Congratulations on Retiring…Now Keep Working on Your Finances

Just because you have successfully retired, that doesn’t mean you can relax. You will want to make the most of your money every year for 20 to 30 years into the future.

Why, you say? I’ve saved my money for years, and now I want to enjoy it! Well that makes sense. But several factors are working against us, to use up our money, to see it fall short. Rising income taxes, very low rates of return on your investments, rising costs for healthcare, requests for loans from children and grandchildren. One of our friends with very adequate income just spent all his savings on cancer care for his mother.

Even inflation, which has been down and out for years, is about to come back and rob retirees of precious savings. What can you do about it?

Protecting your savings and investments requires a constant vigilance over your financial management practices. You will need to be constantly aware of ways to cut your costs, gain extra returns on your money, reduce fees and expenses, seek out safe ways to get better yields on your investments. You cannot be complacent about your money. Some examples:

Many Canadians are paying 2.5% annual fees for money management. You just don’t know it because it isn’t clearly reported on investment statements. This should change in January 2017 when new securities laws will make this disclosure mandatory. You will see what advisers are charging you.

This same legislation will require that your investment statements clearly spell out what returns you are getting, alongside published returns on comparable securities indices. At last you will clearly know what you are spending and what you are getting for your fees. This information is needed now more than ever, because what may have seemed fair 20 years ago, when you had less money , and returns were higher, is not fair today when you have ten times the savings and returns are quite low. And what about brokerage commissions? $300 a trade used to be acceptable. But now the going rate is $40 to $60.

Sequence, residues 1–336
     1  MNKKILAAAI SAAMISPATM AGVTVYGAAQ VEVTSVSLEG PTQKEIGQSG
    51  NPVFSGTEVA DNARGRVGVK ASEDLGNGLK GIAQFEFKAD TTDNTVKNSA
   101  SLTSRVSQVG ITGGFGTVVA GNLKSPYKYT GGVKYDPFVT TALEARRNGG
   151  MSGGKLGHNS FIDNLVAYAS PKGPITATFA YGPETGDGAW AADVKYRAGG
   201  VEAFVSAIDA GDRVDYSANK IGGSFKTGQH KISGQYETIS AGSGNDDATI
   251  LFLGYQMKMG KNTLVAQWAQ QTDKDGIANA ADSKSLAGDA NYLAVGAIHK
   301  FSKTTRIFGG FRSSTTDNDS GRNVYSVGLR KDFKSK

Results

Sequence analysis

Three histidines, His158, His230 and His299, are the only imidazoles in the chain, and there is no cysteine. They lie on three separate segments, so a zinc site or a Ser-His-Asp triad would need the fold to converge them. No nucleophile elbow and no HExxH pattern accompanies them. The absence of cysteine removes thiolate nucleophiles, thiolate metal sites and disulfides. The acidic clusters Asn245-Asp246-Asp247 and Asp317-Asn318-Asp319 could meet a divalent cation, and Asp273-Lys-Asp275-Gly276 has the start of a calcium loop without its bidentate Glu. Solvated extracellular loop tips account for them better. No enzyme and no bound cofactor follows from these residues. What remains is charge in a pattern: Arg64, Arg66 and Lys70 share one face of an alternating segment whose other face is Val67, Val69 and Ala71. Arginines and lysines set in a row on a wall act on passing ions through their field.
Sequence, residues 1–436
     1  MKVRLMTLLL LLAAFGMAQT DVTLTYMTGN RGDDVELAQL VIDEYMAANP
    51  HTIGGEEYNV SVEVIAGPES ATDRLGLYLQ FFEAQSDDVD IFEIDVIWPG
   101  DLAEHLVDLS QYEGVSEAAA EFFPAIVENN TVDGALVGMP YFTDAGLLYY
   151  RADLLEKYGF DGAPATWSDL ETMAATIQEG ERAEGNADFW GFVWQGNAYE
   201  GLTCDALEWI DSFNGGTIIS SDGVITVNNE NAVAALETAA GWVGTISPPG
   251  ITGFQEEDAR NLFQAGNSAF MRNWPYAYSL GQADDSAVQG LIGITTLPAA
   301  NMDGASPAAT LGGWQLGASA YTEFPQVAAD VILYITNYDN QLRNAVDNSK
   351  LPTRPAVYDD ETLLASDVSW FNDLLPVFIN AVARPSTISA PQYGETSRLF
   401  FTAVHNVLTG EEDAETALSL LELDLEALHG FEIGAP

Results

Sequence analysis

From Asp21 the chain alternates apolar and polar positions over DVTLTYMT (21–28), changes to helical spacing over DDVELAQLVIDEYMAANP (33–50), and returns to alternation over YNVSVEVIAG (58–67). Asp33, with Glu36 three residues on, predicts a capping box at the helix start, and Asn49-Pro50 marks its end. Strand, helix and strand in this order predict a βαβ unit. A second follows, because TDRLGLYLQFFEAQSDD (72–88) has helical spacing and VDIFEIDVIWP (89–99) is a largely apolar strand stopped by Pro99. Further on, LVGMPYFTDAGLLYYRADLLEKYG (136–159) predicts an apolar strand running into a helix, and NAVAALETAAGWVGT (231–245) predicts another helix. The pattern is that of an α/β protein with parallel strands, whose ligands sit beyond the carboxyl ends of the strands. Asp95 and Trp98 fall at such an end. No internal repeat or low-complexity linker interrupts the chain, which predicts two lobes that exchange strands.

You need to ensure that you are getting good advice for your money, and paying a reasonable price for it. You would not be wise to do it all yourself, unless you are a market pro. But you should get good advice and attention, at a reasonable price, and hopefully on a tax-deductible basis, so that tax savings cut the price in half.

The same should go for other business services you buy. From haircuts to suits to clothes to tax fees to cleaning charges. Also look for opportunities to change fees to tax-deductible fees. And do pay for advice that is going to help you make your savings grow, like good income tax planning advice and professional investment management.

The point of all this is that you are going to enjoy retirement for 20 to 30 years or more. So why not save $5,000 to $10,000 a year over this time and live and travel free with the annual savings you make. Last week we helped a family save over $30,000 a year in investment charges. You can do this too.

Robert Kerr

Kerr Financial Services

514-871-8213

rkerr@kerrfinancial.ca

Matt Del Vecchio is a Certified Professional Consultant on Aging (CPCA).  He is the founder and president of Lianas - a company specializing in retirement residence search and senior transition support.

(0) comments

Welcome to the discussion.

Keep it Clean. Please avoid obscene, vulgar, lewd, racist or sexually-oriented language.
PLEASE TURN OFF YOUR CAPS LOCK.
Don't Threaten. Threats of harming another person will not be tolerated.
Be Truthful. Don't knowingly lie about anyone or anything.
Be Nice. No racism, sexism or any sort of -ism that is degrading to another person.
Be Proactive. Use the 'Report' link on each comment to let us know of abusive posts.
Share with Us. We'd love to hear eyewitness accounts, the history behind an article.